After the Russian Army saves boy Soviet Communism sounds great.  People are cared for and he figures that communism as spoken by the peasants - bringing everyone together - would bring Boy new brothers and sisters and men who would treat Boy with kindness and comfort and defend him.  Boy stays with a military unit and comes to realize the differences between theory and reality.  How the Party members are more important.  How men are to be judged by their own skills and values but that the Party decides what values are most important.




After the war ends the military sends Boy to an orphanage in his home city.  The orphanage is filled with kids acting out what they have lived through.  Beatings, rape, and murder.  Kids gang up on the "gypsy".  His parents arrive. You expect a tearful reunion and happy life.  Nope.  He does not adjust.  He cannot adjust.  Boy has learned that life is lived alone and at night he leaves the family apartment to prowl with the black marketeers, pimps, whores, and thieves.  He is sent to a mountain village, and after getting stuck in a blizzard he awakens in a hospital, answers a ringing phone and starts speaking again.

Kosinski's excellent Afterword gives a summary of the political turmoil the novel caused and the trouble it caused for him personally.  The government in Poland accused him of slurring the country, that Kosinski was a paid agent of the West.  A work of total fiction had people claiming to be the basis for characters or to live in a town the novel is set within. 

Accusation in Europe and the U.S. are that he exaggerates what happened during the war.  Kosinski points out ample evidence of the murder and abuse that critics ignored.  My comment on torture porn echo Kosinski's contemporary critics.  Kosinski argues that the novel is based on real events.   The book is not a sadistic exercise but a way to live through the experience by following the character.  Others who lived through the war accused Kosinski of watering down the story, that he played things nicer than they were to appeal to a U.S. audience.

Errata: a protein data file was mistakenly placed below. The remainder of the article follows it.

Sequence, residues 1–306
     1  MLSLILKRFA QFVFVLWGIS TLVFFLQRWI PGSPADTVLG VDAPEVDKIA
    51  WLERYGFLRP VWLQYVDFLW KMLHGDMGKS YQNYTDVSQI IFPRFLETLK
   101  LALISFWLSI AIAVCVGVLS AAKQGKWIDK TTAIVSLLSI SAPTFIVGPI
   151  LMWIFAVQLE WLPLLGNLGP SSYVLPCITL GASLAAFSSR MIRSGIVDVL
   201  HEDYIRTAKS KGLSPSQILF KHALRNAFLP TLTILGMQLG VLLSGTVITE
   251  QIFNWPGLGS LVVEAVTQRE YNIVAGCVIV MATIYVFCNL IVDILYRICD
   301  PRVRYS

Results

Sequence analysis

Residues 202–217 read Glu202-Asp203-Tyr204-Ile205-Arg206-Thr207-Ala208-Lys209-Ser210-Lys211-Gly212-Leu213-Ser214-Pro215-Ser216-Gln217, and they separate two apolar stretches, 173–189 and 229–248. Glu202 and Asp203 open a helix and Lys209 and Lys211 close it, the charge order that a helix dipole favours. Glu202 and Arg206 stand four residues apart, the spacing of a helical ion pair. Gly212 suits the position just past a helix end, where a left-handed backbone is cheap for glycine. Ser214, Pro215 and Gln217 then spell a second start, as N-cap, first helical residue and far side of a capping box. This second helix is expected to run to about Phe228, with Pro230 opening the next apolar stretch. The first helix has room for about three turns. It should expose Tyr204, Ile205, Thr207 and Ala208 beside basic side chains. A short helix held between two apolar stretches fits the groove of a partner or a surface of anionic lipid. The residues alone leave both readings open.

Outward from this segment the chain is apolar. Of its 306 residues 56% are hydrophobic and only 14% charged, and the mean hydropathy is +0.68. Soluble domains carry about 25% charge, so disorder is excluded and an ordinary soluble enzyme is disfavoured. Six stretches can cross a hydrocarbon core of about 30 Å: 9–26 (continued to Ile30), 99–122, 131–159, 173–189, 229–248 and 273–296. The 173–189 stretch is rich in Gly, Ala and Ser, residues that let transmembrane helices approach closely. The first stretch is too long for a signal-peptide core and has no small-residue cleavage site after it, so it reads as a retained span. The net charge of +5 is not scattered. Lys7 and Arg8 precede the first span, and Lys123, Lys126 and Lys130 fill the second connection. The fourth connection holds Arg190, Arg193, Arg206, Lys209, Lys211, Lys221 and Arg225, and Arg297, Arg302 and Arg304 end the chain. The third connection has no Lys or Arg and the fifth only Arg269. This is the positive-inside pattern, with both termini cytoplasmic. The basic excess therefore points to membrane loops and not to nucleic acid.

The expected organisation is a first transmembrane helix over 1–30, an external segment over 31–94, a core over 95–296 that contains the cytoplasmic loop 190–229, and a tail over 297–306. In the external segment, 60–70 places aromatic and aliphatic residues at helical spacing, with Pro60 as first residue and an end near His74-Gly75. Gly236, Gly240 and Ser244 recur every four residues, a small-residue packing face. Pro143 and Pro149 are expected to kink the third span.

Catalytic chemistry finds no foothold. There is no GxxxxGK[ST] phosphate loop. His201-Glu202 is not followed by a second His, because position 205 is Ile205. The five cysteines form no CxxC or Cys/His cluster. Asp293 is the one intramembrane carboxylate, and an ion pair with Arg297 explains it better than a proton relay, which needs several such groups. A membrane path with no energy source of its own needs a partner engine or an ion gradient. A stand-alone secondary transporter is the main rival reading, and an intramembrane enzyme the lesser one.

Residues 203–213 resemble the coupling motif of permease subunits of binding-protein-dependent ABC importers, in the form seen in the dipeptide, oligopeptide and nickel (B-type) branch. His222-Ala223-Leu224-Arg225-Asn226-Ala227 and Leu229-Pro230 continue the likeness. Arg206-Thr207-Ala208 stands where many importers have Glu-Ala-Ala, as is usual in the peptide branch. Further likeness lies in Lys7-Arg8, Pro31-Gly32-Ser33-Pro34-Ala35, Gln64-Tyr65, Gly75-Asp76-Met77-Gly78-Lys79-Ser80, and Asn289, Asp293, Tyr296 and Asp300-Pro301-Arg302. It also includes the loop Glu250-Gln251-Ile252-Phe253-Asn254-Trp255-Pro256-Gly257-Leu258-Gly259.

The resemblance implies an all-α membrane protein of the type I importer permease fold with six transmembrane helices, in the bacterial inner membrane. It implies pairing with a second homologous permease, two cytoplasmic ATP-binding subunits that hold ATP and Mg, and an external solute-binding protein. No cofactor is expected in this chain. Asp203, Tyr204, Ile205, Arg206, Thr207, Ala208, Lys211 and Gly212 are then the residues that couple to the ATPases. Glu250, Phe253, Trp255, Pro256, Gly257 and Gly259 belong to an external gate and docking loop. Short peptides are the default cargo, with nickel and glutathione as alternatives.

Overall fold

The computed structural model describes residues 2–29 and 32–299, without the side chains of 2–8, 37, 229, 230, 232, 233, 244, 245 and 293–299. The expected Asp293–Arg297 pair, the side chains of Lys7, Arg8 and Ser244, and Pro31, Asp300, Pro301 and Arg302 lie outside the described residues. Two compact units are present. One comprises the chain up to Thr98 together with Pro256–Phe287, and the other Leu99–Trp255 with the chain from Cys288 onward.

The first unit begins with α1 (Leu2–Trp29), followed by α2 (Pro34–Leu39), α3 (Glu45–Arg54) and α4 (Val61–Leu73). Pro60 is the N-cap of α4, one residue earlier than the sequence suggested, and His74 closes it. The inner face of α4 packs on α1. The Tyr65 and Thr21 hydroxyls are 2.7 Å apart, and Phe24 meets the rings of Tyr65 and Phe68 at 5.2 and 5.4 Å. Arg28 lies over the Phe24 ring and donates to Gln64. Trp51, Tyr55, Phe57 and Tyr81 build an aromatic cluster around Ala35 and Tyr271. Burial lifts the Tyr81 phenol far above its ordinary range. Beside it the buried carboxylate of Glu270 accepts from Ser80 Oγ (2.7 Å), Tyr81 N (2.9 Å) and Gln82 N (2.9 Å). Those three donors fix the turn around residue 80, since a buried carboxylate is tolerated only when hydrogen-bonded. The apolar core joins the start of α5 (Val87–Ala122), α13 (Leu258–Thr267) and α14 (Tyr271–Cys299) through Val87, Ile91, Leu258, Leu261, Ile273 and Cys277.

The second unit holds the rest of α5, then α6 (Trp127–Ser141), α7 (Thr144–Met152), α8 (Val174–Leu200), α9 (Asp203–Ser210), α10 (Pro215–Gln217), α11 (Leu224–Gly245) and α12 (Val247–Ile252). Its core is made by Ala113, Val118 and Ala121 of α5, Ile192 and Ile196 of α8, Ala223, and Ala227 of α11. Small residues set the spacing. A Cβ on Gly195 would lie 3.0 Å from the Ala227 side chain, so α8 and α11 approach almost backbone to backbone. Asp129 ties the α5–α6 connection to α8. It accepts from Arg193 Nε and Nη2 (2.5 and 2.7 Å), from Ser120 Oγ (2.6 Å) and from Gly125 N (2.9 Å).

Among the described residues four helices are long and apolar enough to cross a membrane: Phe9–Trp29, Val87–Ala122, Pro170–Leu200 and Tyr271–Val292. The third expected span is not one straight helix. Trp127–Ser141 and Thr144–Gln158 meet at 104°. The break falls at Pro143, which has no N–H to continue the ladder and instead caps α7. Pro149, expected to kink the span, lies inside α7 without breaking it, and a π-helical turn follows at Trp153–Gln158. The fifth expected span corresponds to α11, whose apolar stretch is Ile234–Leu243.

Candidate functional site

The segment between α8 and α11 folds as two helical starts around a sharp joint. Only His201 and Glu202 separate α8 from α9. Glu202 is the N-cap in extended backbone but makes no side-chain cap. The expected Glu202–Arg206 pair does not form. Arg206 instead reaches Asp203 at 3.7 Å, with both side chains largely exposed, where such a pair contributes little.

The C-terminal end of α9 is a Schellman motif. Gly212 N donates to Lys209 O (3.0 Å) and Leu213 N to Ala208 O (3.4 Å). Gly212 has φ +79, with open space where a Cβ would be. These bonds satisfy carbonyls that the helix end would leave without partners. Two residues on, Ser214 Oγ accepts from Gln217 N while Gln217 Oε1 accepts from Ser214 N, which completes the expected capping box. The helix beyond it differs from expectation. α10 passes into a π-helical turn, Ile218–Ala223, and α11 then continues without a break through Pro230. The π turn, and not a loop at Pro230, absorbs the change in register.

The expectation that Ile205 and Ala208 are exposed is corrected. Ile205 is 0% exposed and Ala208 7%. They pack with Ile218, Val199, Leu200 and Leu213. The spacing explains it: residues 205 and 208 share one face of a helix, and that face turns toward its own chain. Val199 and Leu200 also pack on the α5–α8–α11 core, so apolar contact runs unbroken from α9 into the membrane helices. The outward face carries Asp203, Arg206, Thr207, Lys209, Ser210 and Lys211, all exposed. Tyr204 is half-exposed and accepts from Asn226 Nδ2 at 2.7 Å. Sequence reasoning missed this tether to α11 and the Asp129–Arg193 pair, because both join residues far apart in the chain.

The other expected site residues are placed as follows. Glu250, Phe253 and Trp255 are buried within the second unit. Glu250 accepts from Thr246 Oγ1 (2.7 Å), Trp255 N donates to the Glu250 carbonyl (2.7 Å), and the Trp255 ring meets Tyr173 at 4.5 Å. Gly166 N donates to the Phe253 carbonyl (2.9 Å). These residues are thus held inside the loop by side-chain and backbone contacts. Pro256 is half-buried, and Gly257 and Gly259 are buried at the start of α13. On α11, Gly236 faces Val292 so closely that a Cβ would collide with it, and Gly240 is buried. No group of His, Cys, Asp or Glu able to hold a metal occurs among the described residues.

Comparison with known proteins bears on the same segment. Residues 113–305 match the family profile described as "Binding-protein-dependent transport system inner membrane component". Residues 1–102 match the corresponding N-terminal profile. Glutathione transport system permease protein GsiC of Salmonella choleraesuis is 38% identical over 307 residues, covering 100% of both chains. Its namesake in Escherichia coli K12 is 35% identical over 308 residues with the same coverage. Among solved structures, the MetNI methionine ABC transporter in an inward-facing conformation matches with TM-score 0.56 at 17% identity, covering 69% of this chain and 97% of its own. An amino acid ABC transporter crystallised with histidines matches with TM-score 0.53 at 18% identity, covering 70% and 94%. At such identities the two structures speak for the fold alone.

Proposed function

Comments:
1.  A reminder how civilization can disastrously fall apart.  When that happens some people stay civilized and some revert. The difficulty of maintain law and order.  Who would want the arrest and trial of the kind of people who gleefully rape and murder?  Clinging to superstition and rumor because the world has fallen apart, attacking anyone or thing that you think puts you at risk.  Don't think that things will be different in the future. 
2.  How many orphans did the Soviet Army come across as that fought back West through German trampled territory?
3.  I watched Come and See a few days ago.  A few days of a Russian boy's life under German occupation and the dramatic re-enactment of Germans murdering a whole village.  Kosinski mentions in his Afterward how concentration camp Germans were ordered to kill children first since they could not work. There is a horrid point in Come and See where a boy - three years old - is thrown through the window back into a burning house. That movie and this novel fit together.
4.  Shades of Europa, Europa with a young boy bouncing around from place to place and surviving.
5.  Kosinski writes how fiction allows the reader into the story more vividly and believably than nonfiction.  Your imagination takes over and you endure with the characters rather than question or ponder a NF story.
6. I was going to read a brief bio of Kosinski but skipped it.

3 comments:

George said...

I read THE PAINTED BIRD and STEPS when they were first published. Grim stuff. When Kosinski committed suicide I wasn't surprised.

Anonymous said...

Some of the book may be based on Roman Polanski's wartime experiences, although these are much more extreme.

R.T. said...

Kosinski--except for The Painted Bird--was an over-rated novelist. If he had only written The Painted Bird, which I read when it was first published, he would go down in literary history as a one-book genius.